Friday, July 06, 2012
The lot of critics is to be remembered by what they failed to understand.
Detail. An Awfully Beautiful Place: The Antarctic Art Of Stephen Eastaugh. The Carnegie Gallery, Argyle Street. June 2012.
One review for you today, An Imaginary Life by David Malouf imagines the story of the Roman poet Ovid, during his exile in Tomis (in modern day Romania).
This one reminds me very much of J.M. Coetzee’s Waiting for the Barbarians. Like Coetzee, Molouf has a post-colonialist sensibility. The central tension in An Imaginary Life is found in the relationship between the civilised cosmopolitan Ovid, the barbaric local tribe, and a wild child who has grown in a state of nature. The clash between the ‘cultured’ and uncivilised really is at the heart of this dreamlike tale.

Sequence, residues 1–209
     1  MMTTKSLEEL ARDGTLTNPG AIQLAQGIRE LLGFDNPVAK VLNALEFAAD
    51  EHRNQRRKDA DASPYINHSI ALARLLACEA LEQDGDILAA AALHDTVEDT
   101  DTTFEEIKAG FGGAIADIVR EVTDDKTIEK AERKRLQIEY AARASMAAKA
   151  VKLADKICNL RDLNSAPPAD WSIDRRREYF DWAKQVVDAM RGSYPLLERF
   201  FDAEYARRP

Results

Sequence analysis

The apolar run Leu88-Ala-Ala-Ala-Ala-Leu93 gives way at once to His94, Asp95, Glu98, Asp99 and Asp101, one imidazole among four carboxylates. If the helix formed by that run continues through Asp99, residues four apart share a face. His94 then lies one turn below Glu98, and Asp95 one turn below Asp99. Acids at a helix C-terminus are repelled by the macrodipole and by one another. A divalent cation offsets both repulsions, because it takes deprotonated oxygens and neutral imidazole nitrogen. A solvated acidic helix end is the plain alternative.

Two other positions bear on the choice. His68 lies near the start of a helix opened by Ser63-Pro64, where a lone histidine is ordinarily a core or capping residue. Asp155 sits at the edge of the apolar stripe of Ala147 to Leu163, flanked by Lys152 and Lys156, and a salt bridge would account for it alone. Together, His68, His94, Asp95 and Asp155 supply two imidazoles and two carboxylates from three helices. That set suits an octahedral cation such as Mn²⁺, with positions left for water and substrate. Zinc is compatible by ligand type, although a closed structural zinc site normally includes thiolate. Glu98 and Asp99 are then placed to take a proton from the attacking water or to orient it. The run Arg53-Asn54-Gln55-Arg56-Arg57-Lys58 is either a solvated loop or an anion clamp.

The narrative moves beautifully and seamlessly along, conjuring up a timeless, haunting mood that could as easily be two thousand years into the future as it is two thousand years ago. There are some big questions here what is the meaning of life? What is the distinction between instinct and conscious thought and purpose?
This is a very meditative, beautiful book. Highly recommended.
The full piece. An Awfully Beautiful Place: The Antarctic Art Of Stephen Eastaugh. The Carnegie Gallery, Argyle Street. June 2012.